23.05.2018 - 04.08.2018
Fait Gallery, Ve Vaňkovce 2, Brno
opening: 23. 5. 2018 at 7 pm
A grid becomes a symbol of organisation in the most general sense of the word, a kind of order of things, and at a symbolic level also a world order.
- Jan Nálevka
The A4 format paper is the most widespread kind of paper in both households and offices. We use it to print ordinary documents, for photocopying, notes and sketches. It is also used for the printing of formal court decisions, meals of the day in cheap restaurants and university theses, as it is the only format with which one can be sure that the diploma work will be bound in covers imitating leather as late as an hour before the deadline. Files for this size are available from any stationery shop, and millions of sheets pile up in millions of metres of office archives. Text editors now offer the digital version of A4… The standardized A4 format is guaranteed by the ISO 216 international standard for paper of the A, B and C categories. The first attempts at standardisation go back to France during the Revolution in the late 18th century. The main advantage of this proportion of sides is the simple division in halves after which the sheets retain the same proportion of sides. The major benefit of the adoption and dissemination of the standard was its compatibility and coordination of the manufacture of a whole spectrum of products. Nowadays, when you ask someone to picture a “common sheet of paper”, they will most probably visualize paper of the A4 format.
When lining A4 sheets, Jan Nálevka adjusts the drawing to the standard. He opts for a neutral handwriting, and steps back as an artist. He uses blue ballpoint pens in order to emphasise office work where the compliance with prescribed administration procedures is essential. Reams of paper covered in lines and square grids are virtually indiscernible from mass-produced prints. And since Nálevka further segments the paper with lines and square grids, while in fact still preparing it for writing and drawing, he can talk about the creation of “standardised blankness”, a blankness achieved through work. Its volume, as well as the time it requires, are not proportionate to the result. However, in their reflection there is always space to realise the absurd nature of this activity. Nálevka’s drawings can thus be considered implicitly critical, yet at a more general level they are abstract visualizations of an order introduced into art, or into a work activity as such. And in its ultimate form, the segmented A4 paper format is a symbolic representative of standards predestining our factual possibilities, shaping our perception and behaviour, and providing a basis for our imagination in the private and social dimension of life.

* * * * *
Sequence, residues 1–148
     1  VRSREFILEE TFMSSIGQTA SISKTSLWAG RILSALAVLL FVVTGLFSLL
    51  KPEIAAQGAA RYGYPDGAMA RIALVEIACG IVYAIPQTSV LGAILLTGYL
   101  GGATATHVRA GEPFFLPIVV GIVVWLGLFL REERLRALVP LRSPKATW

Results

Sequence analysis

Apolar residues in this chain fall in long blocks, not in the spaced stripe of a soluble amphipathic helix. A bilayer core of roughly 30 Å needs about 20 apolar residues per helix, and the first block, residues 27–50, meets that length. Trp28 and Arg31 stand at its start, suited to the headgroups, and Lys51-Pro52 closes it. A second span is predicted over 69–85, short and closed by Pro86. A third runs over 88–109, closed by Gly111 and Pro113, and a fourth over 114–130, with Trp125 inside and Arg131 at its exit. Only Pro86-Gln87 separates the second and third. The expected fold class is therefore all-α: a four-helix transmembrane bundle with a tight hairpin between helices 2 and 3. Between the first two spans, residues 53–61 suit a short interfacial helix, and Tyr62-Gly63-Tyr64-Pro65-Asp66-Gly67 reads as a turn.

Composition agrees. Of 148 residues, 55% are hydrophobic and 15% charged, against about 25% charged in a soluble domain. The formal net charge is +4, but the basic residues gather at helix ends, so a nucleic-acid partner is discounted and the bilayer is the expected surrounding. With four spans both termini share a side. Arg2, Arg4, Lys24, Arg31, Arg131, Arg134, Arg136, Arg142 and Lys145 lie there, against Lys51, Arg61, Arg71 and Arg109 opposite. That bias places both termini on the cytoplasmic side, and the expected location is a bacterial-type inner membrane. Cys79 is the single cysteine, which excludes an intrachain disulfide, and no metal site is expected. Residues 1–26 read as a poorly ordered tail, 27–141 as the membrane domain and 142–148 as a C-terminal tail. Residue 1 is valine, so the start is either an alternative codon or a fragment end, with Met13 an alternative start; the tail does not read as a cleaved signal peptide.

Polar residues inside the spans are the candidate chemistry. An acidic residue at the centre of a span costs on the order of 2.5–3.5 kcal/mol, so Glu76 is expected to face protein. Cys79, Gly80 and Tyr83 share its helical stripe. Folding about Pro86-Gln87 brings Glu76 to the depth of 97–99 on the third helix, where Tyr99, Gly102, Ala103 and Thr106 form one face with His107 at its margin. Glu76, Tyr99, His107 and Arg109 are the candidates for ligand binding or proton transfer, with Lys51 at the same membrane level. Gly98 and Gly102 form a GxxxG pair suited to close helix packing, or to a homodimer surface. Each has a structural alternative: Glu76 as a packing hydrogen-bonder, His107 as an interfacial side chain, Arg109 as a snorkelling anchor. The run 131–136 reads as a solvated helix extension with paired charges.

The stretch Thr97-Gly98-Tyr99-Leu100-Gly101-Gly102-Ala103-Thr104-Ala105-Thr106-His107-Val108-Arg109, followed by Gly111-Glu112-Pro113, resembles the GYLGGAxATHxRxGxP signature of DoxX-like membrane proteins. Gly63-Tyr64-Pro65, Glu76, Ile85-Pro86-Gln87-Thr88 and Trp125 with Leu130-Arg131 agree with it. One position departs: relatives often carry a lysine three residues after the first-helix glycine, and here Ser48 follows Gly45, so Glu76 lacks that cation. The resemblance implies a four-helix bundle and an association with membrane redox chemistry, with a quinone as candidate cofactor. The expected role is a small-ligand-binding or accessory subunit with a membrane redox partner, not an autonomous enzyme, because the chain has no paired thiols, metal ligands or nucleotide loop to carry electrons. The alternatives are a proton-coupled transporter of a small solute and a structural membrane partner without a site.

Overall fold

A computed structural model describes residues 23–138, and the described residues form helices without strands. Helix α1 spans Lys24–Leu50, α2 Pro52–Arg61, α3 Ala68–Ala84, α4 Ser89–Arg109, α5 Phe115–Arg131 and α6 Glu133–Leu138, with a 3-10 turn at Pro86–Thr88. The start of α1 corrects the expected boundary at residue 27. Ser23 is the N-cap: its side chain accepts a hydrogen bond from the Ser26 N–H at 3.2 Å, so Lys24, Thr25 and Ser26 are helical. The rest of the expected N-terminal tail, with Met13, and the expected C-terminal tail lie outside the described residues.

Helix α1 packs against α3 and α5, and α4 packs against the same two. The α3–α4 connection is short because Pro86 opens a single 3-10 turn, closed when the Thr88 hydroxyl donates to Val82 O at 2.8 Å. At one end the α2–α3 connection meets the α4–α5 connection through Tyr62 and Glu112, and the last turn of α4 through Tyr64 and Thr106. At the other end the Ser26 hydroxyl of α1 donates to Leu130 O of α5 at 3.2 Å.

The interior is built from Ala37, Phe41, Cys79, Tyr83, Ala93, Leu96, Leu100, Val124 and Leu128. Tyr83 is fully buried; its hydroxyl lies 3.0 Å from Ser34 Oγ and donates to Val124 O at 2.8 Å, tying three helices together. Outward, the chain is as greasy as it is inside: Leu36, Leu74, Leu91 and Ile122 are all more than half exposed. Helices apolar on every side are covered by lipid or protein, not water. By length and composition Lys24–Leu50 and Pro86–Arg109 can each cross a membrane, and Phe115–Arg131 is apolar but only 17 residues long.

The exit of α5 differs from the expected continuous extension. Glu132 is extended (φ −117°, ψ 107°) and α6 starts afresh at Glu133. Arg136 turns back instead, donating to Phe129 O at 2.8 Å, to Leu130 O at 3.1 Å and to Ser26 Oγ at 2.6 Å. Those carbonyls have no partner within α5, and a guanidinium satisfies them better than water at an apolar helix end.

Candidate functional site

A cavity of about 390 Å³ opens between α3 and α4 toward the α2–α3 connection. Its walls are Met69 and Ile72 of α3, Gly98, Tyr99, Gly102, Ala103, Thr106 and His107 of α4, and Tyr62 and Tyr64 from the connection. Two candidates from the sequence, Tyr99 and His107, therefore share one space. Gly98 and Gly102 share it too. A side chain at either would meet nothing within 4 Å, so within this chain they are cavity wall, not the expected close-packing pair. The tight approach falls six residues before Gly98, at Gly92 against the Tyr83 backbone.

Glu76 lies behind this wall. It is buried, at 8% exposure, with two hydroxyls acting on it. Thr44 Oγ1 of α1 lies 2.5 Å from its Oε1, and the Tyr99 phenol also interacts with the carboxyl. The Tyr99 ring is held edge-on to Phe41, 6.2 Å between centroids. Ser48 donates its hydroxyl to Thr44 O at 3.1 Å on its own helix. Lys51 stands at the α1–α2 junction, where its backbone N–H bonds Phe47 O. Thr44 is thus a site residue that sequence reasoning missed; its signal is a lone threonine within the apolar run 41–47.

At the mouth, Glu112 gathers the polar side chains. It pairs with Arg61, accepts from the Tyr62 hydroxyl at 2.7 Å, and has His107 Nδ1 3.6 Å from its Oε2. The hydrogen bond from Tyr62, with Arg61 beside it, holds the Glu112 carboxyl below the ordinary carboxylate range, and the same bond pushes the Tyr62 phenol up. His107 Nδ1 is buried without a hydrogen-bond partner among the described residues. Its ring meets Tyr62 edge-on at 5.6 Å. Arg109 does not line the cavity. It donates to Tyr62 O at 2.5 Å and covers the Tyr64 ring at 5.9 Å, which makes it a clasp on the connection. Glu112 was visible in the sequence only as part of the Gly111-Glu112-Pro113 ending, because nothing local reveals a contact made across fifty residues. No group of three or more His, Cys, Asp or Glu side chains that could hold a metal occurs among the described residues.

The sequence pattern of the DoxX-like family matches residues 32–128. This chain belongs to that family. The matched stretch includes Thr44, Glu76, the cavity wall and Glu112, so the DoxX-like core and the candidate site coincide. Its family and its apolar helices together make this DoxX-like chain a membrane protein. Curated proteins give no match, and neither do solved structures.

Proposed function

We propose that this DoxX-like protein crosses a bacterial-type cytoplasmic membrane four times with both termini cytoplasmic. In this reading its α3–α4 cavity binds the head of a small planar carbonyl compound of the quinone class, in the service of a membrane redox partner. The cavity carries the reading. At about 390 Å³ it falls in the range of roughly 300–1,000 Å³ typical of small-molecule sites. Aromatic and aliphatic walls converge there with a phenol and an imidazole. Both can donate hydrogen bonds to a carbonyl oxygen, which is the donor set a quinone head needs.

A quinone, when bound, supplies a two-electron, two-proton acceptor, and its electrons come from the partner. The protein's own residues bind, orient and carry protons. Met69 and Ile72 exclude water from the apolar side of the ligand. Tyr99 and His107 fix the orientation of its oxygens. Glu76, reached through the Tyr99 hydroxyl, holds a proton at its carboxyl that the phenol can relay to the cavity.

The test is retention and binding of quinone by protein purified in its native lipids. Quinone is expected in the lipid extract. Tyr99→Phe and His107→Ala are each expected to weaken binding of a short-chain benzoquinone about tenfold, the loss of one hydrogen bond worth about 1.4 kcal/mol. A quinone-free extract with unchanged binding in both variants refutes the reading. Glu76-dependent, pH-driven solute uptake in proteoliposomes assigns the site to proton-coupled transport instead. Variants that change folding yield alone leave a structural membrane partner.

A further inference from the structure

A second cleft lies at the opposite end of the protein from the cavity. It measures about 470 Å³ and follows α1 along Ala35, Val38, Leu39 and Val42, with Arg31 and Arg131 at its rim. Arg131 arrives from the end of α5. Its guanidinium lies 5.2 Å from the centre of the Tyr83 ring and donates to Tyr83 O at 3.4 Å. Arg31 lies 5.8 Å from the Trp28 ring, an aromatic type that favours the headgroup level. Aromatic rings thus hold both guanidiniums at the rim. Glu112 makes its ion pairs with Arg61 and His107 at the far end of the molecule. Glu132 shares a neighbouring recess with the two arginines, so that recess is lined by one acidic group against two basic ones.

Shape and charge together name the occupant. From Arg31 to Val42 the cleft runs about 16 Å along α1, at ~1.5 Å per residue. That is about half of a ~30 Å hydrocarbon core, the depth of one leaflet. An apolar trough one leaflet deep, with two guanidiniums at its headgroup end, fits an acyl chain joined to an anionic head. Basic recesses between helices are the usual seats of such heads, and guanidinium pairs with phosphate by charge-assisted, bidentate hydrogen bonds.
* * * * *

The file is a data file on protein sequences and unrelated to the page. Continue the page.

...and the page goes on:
The And now, finally, let’s finally turn the page exhibition can be understood as a public audit due to which the material that in the previous decade had progressively emerged at preliminary, autonomous and semi-autonomous presentations was gathered in a single place. And although the show exclusively presents drawings from the years 2009—2018, it captures Nálevka’s thinking concerning the external conditions of the organisation of human life. It is divided into three basic sections. The first one observes the subjects of the basic organisation plan and “standardised blankness” as the consequences of the adopted art-work load. In the second section, the issue of the time invested in the drawings, and lost, comes to the fore. Finally, in the last section Nálevka abandons the point of view of an individual and with plans drawn over reproductions of books on modernist art comments on the historical and possible future social orders.
The director JJ Abrams apologised shortly after the premiere of the movie Star Trek: Into Darkness (2013) to the fans for over-using the special effect that simulates an optical phenomenon called a "lens flare". At the same time he announced that he will get to remove them from some scenes. "But I'll tell you, there are times when I'm working on a shot, I think, 'Oh this would be really cool... with a lens flare." Matěj Smetana used the same phenomenon occurring in the refraction of light in the objective lens, sometimes considered as a defect, but also frequently added to films and photographs as a feature of "amateur shots" and captured it in a physical form. When hanging in the free space above the ground it seems to be simulating the situation where this phenomenon does not occur in the recording of the camera, but in the human eye.
Smetana, of course, is not interested in creating a mirage. He wanted to materialise the optical experience through technology. He has also based other works on the same principles. He photographed a bee so that the reflections of light on the camera lens formed hexagonal honeycomb shapes. He chopped vegetables in a way that the cut pieces suggested rotation and geometrical cuts through a virtual object in a program for 3D modeling. He turned the reflection of trees on water by using a magnifying glass, so the trees are no longer facing down, but are turned along the horizontal axis.
The optical equipment and visual technology expands our sensory experience. They do not stand outside of our physiological reality, it is not "us and the machines", but they are a part of our subconscious that started, all be it a long time ago, our transformation into cyborgs. It is increasingly more difficult (and not only at the level of sensory perception)to find the boundary between organic and synthetic. But Smetana, as a visual artist, is searching for visual metaphors for this development. He asks a man to record the stroboscope flashes. Therefore giving to the machine (similarly as to a puppet at some other thing) human impulses and then he thinks whether this exchange will have any effect on their reception.